I’m a control freak. Yep, both professionally, by training, and naturally. I like to be in control of machines, robots, airplanes, my life, my spirituality, my kids, my wife, etc. Some of this is healthy! Some if it is not. Yet, despite my proclivity to control I occassionally find myself in situations where I am not in control of my emotions, my spirituality, etc.
For the bulk of my not-so-long life I have been in a perpetual cycle of shame with varying frequency and intensity. My worldview was shaped by my Mormon upbringing and I worked diligently to fit the mold completely. I was a good kid. No, I was a GREAT kid! Seriously, I did well in school, got my Eagle Scout, served a successful mission, never committed any egregious sins, read my scriptures nightly all through my teenage years, never touched any coffee, tea, tobacco, or alcohol, and pretty much put a checkmark in every box in the proverbial Mormon checklist!
Nevertheless, this was part of the cycle. As long as I was perfect I never had any problems. I merrily went on my way convinced my worldview was a correct interpretation of my existence, assured that my lifestyle choice would reap rewards. I will not deny that this leaked over into a self-righteous attitude which, on more than one occassion, led to my snarkiness toward those whom I perceived were not living these standards. In fact, though I’ve not been told this, I hold this attitude responsible for destroying more than one relationship in my life.
But alas, I am not perfect. I make mistakes, and when I do, I beat myself up badly over them. Keep in mind I’m not talking about major things here like murder, or chastity sins, or something, I’m talking about little things – things that really should be in the noise. It’s these times when the shame monster rears its ugly head and takes a bite out of my otherwise healthy self-esteem. This isn’t just some sort of twinge of guilt I feel, but shame, pure, and awful! And it doesn’t go away until I beat myself up emotionally to a sufficient level. Obviously the shame is further aggravated by the sure knowledge that once again I have failed to live up the expectations my worldview dictates.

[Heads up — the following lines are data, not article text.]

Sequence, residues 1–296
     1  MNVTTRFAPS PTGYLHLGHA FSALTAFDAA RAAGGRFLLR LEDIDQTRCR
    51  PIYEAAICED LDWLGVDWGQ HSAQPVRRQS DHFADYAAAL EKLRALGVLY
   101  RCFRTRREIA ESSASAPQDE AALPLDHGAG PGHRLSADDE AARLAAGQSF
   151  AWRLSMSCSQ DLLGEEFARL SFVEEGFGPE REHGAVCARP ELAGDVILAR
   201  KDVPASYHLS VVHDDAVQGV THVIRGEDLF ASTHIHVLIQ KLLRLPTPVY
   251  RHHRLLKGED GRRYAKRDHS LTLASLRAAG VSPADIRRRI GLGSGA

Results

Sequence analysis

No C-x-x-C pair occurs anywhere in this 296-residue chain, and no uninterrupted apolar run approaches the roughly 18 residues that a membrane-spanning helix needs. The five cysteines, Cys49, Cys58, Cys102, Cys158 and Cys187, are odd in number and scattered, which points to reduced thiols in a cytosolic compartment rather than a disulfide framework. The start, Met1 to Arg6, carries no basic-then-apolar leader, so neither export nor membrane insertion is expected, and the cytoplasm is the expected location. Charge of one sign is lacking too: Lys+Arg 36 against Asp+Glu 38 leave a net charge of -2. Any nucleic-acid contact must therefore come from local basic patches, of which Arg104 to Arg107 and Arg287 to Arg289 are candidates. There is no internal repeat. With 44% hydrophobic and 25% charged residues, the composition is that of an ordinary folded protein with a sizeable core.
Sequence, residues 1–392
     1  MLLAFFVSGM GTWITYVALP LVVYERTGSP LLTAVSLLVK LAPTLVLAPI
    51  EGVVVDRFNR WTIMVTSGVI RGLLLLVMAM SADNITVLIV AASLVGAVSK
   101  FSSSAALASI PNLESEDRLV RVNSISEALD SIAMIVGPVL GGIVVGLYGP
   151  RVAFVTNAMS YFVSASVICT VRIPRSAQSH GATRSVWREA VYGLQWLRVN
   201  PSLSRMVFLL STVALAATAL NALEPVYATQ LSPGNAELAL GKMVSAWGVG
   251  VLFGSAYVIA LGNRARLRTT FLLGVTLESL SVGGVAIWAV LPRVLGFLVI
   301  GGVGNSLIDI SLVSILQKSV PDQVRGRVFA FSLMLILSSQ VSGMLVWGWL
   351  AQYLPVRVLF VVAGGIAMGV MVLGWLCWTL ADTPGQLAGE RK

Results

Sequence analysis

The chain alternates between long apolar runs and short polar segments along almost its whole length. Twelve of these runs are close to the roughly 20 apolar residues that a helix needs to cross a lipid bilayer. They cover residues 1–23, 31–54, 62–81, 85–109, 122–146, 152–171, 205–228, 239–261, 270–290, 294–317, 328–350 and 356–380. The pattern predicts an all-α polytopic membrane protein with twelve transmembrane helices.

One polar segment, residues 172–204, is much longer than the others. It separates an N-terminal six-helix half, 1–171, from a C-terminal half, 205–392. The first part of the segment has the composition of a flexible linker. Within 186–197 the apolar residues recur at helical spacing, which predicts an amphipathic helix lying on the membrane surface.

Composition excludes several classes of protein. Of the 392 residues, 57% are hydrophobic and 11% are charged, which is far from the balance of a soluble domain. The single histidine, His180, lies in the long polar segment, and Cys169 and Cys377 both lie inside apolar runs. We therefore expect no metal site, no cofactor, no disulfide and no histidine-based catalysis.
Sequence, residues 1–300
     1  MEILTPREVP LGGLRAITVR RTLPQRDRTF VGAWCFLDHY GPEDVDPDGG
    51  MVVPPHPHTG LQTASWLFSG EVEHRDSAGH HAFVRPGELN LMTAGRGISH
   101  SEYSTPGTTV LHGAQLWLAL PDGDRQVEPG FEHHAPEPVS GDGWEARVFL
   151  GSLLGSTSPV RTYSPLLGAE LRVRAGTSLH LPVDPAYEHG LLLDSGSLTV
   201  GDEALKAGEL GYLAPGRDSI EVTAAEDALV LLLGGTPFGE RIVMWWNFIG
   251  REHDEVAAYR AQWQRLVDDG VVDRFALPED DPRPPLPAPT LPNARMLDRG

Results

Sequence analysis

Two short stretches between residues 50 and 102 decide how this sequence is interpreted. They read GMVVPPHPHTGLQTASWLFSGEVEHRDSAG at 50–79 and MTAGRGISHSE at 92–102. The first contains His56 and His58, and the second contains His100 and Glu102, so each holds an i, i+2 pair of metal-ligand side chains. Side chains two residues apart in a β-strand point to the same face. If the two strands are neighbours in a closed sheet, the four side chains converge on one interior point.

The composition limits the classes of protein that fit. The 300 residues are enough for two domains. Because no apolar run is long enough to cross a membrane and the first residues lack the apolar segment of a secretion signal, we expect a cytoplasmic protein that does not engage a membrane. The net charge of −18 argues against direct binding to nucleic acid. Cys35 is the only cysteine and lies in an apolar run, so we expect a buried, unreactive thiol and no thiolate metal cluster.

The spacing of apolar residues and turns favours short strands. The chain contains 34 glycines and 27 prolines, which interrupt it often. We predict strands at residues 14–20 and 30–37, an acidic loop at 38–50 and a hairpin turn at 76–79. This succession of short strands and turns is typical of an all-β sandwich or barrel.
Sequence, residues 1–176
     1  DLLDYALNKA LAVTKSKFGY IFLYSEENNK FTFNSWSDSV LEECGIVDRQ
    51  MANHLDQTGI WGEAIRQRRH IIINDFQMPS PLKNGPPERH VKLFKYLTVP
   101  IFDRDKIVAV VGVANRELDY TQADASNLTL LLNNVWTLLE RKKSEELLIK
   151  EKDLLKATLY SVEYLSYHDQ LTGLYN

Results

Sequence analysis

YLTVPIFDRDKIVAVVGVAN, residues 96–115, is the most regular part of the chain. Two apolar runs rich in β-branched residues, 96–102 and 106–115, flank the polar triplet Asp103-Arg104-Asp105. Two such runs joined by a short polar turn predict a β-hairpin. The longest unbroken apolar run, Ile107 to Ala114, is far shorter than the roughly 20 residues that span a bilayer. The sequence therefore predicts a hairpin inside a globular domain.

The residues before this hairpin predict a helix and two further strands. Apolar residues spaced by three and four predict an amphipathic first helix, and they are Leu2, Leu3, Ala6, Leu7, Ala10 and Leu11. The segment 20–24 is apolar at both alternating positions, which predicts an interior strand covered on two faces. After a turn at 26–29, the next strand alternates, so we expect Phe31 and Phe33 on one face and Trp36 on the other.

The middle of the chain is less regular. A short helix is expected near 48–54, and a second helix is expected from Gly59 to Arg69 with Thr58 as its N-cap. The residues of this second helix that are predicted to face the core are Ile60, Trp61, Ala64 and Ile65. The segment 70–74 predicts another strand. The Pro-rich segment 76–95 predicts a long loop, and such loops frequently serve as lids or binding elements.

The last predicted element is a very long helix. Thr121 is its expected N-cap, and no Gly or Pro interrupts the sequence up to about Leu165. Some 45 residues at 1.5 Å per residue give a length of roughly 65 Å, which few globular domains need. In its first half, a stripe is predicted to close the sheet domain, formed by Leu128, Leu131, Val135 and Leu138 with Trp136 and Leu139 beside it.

It’s during these times the control freak in me is like a belligerent 5-year old, wanting to get his way, using all sorts of behavioral tricks, tantrums, pouting, all to try and restore order, control, and most importantly that self-confidence that has been shredded! During these times the result might be anger, or a bout with depression. Perhaps the object of frustration becomes those I love. In any case, until the control freak is able to restore self-esteem, things will be a bit rough.
Needless to say, such a paradigm is not healthy for me in the least!
And yet, at least one solution is as easy as allowing the control freak to dictate the terms on which I accept my involvement in my tribe. Through my faith crisis I learned this lesson very poignantly. I was in charge of my spirituality – not the church, not my bishop, not my teachers. And just as I could not blame them for my unhealthy worldview, I could also not allow them unchecked access to it either. It is me that decides what I should do and why I should do it. I get to decide the terms on which I participate in my culture. It’s true that I cannot choose the consequences, but my power of choice also allows me the possibility to insulate myself from them in my tribal context.
This empowerment was very enlightening to me during a dark period of my life in which I nearly left the church. I was able to resolve and separate concerns with leaders, history, the organization itself, etc. I could stay a member of my tribe but it would be on my terms, and it would be for my own benefit.
But it is hard to supplant a worldview. Unfortunately I find myself occassionally slipping into the old cycle. Sometimes in an ungaurded moment, the control freak forgets the conditions of my participation and leaves me vulnerable, allowing unchecked access to my healthier, but still budding worldview. The shame soon sets in as I again realize I do not measure up to the completely impossible standard my former worldview erected.
It is a perpetual struggle, one that is naturally built into my personality, but is aggravated, and made to be unhealthy, by a strict culture with high standards. Pulling myself out of the cycle is an exercise in meditation, prayer, challenging false beliefs, understanding, and above all, modifying my expectations!